“Voyager” comes from Fur Trade’s upcoming album, Don’t Get Heavy. I really like this song. A lot. The fast main guitar riff against the rhythm of the bass is infectious. The autotuned voices play off each other incredibly well. And all of this is wrapped around a synth beat that is ridiculously catchy.
“Algol” comes from Dawn of Midi’s upcoming album Dysnomia. The piano and bass create a hypnotic atmosphere. The piano’s stinger note in the 1st half and the slam note of the 2nd half give off an additional creepy, trance-like vibe. The changing percussion helps keep the eerie feeling alive. This is a song could work as a dance song, though I can also imagine hearing it while walking through a haunted house.
“Polygon of Eyes” comes from Scorpion Child’s self-titled album. The fast guitar and pounding drum beat get you pumped for a speedy piece of metal. Where it really works though is after each speed section the song slows down, like it’s regrouping for the next verse. And while the song ends on one of these slower sections, it still feels like it’s going out on a high note.
“Skin” comes from Acquaintances’ upcoming self-titled album. This song is powered by its guitar section. The main guitar riff is thick and overall the main driving force behind the song. The other guitars get to show off as well during the solo section, where each one gets some time to shine. It’s a slow, low key, but tough-sounding song.
“Made In America” is the title track from Cimorelli’s just-released EP. Imagine a pop song with patriotic lyrics and you’ve got an idea of what this song is like. Naturally, the pop beat makes it infectiously catchy, though the rap-like segment I particularly didn’t like.
“Inland” is the title track from Jars of Clay’s upcoming album. The acoustic guitar and slow drum beat at the beginning initially give the song a somewhat stripped down feel. This changes once the guitar enters, and the song really gains energy with the backing vocals for the last part. It’s a song that effectively builds throughout it’s runtime.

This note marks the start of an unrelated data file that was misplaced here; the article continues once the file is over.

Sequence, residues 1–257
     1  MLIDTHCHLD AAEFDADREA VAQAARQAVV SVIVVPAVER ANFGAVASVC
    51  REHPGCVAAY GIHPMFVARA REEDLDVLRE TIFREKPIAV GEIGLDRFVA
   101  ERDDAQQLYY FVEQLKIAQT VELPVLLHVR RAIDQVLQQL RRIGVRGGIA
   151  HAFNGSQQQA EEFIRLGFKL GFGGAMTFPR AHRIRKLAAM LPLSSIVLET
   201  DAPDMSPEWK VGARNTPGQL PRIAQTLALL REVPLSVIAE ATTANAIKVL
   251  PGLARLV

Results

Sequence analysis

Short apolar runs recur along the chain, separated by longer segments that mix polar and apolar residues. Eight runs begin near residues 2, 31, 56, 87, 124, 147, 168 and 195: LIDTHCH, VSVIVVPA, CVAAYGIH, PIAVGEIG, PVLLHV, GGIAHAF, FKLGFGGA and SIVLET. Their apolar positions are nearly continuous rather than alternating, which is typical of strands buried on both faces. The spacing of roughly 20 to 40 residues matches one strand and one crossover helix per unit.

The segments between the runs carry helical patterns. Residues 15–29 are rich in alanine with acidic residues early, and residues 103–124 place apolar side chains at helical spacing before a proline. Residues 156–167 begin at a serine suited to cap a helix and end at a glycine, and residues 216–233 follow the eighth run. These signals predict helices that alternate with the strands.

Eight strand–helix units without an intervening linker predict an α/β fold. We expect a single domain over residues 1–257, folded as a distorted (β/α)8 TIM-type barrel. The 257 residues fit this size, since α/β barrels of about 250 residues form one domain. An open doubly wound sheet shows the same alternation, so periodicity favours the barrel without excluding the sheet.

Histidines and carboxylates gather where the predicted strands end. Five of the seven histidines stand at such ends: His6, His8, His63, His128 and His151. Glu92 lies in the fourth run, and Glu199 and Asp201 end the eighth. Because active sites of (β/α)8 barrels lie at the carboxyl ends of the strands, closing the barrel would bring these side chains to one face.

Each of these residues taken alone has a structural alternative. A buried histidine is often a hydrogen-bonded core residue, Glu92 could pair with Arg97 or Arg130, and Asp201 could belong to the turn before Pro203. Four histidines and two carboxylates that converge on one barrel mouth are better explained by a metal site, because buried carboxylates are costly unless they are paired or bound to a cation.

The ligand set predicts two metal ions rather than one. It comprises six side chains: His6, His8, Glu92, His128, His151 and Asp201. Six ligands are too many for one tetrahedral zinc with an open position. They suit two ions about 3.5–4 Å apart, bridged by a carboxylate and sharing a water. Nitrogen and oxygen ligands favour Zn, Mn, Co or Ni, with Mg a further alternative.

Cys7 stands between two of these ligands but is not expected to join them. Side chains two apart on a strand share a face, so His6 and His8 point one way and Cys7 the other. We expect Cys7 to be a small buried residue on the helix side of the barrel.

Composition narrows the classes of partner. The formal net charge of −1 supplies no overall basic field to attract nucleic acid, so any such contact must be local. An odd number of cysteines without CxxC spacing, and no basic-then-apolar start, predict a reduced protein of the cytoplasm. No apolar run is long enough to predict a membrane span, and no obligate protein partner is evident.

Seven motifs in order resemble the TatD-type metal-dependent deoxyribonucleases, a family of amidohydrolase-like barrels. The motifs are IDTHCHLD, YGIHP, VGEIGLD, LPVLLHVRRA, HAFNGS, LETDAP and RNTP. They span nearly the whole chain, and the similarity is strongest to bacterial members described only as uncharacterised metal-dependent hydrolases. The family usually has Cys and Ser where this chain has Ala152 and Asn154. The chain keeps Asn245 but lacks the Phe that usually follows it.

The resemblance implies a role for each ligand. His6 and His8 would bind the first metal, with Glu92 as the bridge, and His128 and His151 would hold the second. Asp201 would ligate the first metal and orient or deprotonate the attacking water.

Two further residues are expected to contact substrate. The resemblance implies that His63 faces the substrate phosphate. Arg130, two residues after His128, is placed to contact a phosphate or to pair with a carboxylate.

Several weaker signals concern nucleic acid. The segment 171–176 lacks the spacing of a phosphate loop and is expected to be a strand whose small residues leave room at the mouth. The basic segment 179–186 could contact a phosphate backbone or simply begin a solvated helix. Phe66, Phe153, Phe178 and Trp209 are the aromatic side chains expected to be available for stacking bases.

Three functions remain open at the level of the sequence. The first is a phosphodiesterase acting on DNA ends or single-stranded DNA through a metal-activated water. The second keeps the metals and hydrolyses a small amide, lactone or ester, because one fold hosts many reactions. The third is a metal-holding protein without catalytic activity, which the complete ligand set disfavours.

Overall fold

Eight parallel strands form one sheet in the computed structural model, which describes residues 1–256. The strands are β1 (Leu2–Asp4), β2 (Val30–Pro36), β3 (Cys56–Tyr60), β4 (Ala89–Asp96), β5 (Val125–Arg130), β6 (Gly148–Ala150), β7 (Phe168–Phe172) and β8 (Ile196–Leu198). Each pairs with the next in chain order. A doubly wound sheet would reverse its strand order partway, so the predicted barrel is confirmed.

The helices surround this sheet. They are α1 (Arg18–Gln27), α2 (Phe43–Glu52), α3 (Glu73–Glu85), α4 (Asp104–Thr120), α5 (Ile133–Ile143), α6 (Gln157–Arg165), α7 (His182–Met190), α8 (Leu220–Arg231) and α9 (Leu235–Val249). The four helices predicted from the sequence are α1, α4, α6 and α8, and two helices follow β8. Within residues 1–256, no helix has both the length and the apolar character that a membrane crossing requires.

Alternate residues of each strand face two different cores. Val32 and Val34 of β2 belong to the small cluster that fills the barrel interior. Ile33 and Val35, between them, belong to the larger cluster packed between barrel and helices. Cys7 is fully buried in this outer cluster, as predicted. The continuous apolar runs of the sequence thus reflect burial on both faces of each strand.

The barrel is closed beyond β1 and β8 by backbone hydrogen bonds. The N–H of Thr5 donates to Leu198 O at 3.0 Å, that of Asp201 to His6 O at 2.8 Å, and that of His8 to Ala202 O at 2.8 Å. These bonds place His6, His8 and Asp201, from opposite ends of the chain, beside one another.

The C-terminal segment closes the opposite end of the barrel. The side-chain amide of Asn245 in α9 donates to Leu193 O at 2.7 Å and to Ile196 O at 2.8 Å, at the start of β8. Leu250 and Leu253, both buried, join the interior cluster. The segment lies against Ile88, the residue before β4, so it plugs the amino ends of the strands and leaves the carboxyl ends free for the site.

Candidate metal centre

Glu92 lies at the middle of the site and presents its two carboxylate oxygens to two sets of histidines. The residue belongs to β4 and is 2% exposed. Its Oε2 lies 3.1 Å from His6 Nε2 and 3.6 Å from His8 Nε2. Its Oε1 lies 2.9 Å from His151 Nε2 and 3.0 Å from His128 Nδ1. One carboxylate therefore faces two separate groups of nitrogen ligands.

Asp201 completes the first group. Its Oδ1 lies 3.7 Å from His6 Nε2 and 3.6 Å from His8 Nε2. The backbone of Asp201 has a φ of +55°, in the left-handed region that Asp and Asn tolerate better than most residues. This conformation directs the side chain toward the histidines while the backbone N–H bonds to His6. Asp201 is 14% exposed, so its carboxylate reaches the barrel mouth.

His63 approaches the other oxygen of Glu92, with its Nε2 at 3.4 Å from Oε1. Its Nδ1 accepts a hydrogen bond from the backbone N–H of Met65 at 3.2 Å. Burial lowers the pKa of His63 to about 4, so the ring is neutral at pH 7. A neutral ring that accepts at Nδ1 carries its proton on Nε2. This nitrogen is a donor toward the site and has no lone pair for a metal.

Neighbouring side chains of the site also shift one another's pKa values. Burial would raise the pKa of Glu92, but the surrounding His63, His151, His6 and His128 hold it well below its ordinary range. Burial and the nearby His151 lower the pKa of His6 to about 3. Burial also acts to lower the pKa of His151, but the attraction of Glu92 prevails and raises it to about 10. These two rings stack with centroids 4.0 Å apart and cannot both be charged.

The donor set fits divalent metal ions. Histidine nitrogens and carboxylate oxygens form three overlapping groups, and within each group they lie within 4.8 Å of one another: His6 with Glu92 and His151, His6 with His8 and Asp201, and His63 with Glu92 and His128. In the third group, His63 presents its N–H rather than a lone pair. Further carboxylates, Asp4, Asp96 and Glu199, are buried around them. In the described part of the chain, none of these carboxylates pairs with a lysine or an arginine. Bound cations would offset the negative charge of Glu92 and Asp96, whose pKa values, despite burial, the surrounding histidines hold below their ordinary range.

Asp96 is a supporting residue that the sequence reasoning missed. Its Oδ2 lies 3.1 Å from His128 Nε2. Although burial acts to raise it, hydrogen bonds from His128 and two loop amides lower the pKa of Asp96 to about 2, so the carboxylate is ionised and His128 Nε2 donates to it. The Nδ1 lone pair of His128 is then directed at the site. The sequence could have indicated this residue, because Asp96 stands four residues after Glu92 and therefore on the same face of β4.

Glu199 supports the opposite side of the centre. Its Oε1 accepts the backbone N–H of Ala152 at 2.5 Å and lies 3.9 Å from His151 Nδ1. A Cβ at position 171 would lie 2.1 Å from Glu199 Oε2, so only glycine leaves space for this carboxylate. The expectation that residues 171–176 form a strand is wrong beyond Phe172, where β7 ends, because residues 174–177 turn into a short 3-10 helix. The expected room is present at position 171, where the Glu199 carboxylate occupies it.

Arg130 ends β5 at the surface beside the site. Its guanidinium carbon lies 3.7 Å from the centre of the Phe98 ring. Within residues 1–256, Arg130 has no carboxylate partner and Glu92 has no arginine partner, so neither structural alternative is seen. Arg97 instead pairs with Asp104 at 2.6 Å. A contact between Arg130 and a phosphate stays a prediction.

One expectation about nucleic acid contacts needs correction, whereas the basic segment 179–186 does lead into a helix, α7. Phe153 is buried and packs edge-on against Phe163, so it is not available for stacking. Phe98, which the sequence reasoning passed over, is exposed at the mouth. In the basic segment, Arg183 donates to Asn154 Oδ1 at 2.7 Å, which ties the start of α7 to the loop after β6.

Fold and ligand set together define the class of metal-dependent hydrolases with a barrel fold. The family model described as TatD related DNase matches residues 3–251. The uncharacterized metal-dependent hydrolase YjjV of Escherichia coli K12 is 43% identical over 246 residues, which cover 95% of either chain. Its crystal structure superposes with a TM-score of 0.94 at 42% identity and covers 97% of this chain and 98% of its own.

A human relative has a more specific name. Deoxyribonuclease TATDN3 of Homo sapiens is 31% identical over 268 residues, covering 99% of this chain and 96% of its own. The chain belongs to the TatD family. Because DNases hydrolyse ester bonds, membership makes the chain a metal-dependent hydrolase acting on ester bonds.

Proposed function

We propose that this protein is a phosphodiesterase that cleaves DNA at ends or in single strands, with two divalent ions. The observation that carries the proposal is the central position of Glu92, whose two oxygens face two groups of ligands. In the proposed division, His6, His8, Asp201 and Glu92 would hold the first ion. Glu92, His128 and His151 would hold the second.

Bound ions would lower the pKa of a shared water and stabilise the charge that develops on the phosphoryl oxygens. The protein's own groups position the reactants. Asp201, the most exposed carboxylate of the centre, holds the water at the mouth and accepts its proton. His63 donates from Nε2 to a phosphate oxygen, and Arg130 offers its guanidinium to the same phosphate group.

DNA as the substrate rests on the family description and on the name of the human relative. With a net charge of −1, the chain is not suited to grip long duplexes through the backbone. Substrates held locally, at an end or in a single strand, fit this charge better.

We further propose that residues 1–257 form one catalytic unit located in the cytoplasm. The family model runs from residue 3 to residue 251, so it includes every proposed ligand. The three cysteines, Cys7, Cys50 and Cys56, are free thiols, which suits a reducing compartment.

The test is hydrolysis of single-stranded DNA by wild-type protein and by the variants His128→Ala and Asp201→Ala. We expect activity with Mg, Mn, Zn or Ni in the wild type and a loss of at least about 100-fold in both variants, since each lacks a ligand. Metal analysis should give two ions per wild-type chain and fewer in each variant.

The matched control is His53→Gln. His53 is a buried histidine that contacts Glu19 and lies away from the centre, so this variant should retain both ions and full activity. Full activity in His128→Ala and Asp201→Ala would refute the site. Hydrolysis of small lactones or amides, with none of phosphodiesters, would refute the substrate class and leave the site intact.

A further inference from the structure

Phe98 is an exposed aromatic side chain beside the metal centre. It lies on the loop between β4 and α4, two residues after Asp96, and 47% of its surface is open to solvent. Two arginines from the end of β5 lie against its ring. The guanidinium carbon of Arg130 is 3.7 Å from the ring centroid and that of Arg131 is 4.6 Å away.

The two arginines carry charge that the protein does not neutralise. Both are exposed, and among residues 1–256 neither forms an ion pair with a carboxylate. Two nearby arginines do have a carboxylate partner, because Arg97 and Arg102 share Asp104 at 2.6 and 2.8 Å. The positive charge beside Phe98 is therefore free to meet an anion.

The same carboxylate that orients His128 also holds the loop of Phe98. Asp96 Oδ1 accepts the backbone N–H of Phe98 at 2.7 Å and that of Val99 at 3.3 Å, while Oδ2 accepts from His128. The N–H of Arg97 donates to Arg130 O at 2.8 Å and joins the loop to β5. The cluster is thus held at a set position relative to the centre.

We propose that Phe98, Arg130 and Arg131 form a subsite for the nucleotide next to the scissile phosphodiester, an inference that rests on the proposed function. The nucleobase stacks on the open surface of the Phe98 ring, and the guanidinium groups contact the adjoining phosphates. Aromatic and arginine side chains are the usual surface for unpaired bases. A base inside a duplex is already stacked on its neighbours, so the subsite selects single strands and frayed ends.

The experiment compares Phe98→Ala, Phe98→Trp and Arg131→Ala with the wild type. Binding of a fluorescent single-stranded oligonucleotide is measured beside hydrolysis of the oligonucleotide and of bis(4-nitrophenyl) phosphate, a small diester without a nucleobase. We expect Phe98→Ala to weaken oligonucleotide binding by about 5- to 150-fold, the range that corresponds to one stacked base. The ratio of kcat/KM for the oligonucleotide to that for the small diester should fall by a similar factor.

The song is available to download for free from Rolling Stone’s website.
Inland will be released later this year.
NOTE: The above embed is a live recording of this song.
“Beekeeper” comes from Aoife O’Donovan’s just released album, Fossils. The slow, methodical guitar starts off as light plucking that builds up through the song until concluding with the solo at the end. Aoife has a voice that really shines when it’s just her and the drums 3/4 into the song. This is an overall great piece of folk rock.
“Weekends Are For Amateurs” comes from Blake Hazard’s upcoming album, The Eleanor Islands. For an indie rock song, the drum section feels more powerful than I expected. Blake’s voice has a sweet sound to it that goes nicely with the simple guitar strum. It’s an overall fun, lighthearted song.
The song can be downloaded for free from Rolling Stone’s website.
The Eleanor Islands is planned to be released July 9, 2013.
“Shake” by I Is Another comes from their upcoming self-titled album. The main guitar riff of the first half gives off the impression of a sports-style rock song. Partway through though, the song becomes heavier, especially once the vocals turn from calmer to more screaming towards the end. It overall makes for a song that could fit into different kinds of situations, depending on what section is being listened to.
“Help Me Lose My Mind” by Disclosure (and London Grammar) comes from the band’s debut album, Settle. The opening cymbal tapping sets the mysterious tone for the song. London’s voices work nicely with the slow, electronic beat. And when their voices echos during parts of the song, it gives it an additional chilling feel.